Together with tenugui, hana-fukin - literally kitchen cloth - represents the basic cloth that every Japanese household needs to have, as they perfectly complement with each other: while the tenugui is made of a finer cotton fabric, the hana-fukin is a bit rougher and more raw, due to its peculiar origin.
A specialty of Nara prefecture, hana-fukin is actually made of mosquito net cloth: in the past, when mosquito netting declined in demand, due to changing lifestyles, its manufacturers - valuing the fabric's absorbency and durability - decided to reintroduce it as dishcloths, with immediate and utter success.
This version of the hana-fukin is a bit peculiar, not only in the reduced size (30x35cm), but also because 4 layers of fabric for mosquito nets are coupled with one layer of gauze, to make it even more dense, while maintaining the speed of drying, typical of hana-fukin. The more these dishcloths are washed, the softer and more comfortable to the touch they become.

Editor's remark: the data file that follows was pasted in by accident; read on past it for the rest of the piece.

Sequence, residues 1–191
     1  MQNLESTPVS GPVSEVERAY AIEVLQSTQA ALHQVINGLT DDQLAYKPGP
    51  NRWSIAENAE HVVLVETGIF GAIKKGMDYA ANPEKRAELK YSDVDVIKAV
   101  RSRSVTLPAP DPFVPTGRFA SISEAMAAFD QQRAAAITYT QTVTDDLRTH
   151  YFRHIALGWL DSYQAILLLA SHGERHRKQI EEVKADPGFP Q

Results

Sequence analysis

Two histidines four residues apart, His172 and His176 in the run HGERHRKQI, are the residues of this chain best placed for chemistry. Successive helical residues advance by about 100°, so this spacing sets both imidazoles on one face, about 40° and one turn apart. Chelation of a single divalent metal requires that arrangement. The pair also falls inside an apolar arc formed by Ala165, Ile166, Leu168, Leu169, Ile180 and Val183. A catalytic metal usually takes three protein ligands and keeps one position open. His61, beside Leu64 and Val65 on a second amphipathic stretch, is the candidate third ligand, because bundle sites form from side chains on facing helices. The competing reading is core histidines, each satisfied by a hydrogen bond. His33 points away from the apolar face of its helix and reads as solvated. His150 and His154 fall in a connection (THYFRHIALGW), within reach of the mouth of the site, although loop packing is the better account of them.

The subject on this hana-fukin is the legendary Mount Fuji (the so-called Fuji-san), revered and beloved by all Japanese.